DOT, EPA, CARB to Set Clean Car Standard by Sept. 1

The federal and state agencies will work together on fuel economy and greenhouse gas standards for model year 2017-2025 cars and light-duty trucks.

The U.S. Department of Transportation (DOT), the U.S. Environmental Protection Agency and the state of California have announced that they will propose fuel economy and greenhouse gas standards for model year 2017-2025 cars and light-duty trucks by Sept. 1.

Proposing the new standards on the same timeframe signals continued collaboration that could lead to an extension of the current National Clean Car Program, providing automakers certainty as they work to build the next generation of clean, fuel efficient cars. Improving fuel efficiency will save consumers money at the pump, reduce America's dependence on foreign oil, and cut emissions of harmful pollutants.

“Today’s announcement is a big step forward, but it is only the beginning. By working together with EPA and the California Air Resources Board (CARB) to develop standards for the next generation of clean cars, we can set a standard that works for automakers across the country,” said DOT Secretary Ray LaHood. “Our continued collaboration is win-win-win for the environment, businesses and the American consumer.”

“President Obama's invitation last year to join with the federal agencies to develop new emission and fuel economy standards has resulted in a model of government cooperation to address the important issues of global climate change and urban pollution,” said Mary Nichols, chair of the California Air Resources Board.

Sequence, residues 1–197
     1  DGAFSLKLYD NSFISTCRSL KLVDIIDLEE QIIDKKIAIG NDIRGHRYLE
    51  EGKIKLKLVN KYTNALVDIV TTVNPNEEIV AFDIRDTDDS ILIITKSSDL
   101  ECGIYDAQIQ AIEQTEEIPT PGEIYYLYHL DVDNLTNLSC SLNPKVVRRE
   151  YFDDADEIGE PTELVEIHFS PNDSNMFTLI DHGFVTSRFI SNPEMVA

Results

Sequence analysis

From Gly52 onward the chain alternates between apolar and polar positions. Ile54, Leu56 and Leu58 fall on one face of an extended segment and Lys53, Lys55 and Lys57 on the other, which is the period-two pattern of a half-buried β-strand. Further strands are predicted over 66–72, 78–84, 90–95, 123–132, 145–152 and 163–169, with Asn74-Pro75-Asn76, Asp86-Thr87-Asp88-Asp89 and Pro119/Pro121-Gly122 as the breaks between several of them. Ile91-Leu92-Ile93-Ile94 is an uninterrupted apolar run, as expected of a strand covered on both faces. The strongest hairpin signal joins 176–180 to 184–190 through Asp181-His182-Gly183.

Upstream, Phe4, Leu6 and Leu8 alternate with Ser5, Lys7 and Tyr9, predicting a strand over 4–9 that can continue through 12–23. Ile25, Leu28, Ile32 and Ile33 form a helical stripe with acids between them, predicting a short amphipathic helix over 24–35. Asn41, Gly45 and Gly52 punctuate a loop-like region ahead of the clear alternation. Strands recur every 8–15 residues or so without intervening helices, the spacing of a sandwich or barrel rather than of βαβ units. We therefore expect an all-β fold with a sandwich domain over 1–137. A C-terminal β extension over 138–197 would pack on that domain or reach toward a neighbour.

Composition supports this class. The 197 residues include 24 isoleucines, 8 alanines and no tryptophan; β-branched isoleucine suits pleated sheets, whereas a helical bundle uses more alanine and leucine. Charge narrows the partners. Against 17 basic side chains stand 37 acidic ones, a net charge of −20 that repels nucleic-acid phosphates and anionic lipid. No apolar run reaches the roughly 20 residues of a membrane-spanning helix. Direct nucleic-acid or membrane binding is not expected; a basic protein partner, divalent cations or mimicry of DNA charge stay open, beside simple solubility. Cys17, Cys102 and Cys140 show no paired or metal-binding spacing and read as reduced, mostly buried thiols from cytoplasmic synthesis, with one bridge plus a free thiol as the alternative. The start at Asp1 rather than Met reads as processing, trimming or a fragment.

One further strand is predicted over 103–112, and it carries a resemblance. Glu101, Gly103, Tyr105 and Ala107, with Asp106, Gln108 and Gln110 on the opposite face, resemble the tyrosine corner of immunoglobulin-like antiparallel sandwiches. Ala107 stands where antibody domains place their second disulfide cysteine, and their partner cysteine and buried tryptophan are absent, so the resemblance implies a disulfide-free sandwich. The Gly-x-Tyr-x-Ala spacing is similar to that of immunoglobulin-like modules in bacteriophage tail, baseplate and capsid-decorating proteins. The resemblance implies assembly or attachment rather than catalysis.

In April 2010, DOT and EPA established greenhouse gas emission and fuel economy standards for model year 2012-2016 light-duty cars and trucks. In the fall of 2010, California accepted compliance with these federal GHG standards as meeting similar state standards as adopted in 2004, resulting in the first coordinated national program. The standards require these vehicles to meet an estimated combined average emissions level of 250 grams of carbon dioxide per mile in model year 2016, which is equivalent to 35.5 miles per gallon.

CARB is committing to continue its collaboration with DOT's National Highway Traffic Safety Administration (NHTSA) and EPA in an effort to establish standards that will provide manufacturers with the regulatory certainty needed to invest today in the kind of new technologies that will provide consumers a full range of efficient clean vehicle choices.

Prior to today's announcement, CARB announced its intention to propose greenhouse gas emission standards for model years 2017 to 2025 in March of this year, while EPA and NHTSA were working on an end of September timeline for proposal.

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